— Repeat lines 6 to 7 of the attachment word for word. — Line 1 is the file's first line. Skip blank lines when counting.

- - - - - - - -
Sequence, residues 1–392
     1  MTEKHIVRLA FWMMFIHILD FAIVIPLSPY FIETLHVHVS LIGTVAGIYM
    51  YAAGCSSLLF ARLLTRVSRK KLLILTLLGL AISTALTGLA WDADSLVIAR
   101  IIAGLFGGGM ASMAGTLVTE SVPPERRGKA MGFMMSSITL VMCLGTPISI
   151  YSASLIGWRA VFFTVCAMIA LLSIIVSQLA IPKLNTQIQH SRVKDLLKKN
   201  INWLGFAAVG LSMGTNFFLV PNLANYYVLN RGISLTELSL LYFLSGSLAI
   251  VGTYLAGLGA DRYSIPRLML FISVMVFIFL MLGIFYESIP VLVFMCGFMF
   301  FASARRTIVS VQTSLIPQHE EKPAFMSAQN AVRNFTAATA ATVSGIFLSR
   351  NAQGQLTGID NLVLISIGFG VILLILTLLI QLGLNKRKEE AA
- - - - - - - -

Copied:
   201  INWLGFAAVG LSMGTNFFLV PNLANYYVLN RGISLTELSL LYFLSGSLAI
   251  VGTYLAGLGA DRYSIPRLML FISVMVFIFL MLGIFYESIP VLVFMCGFMF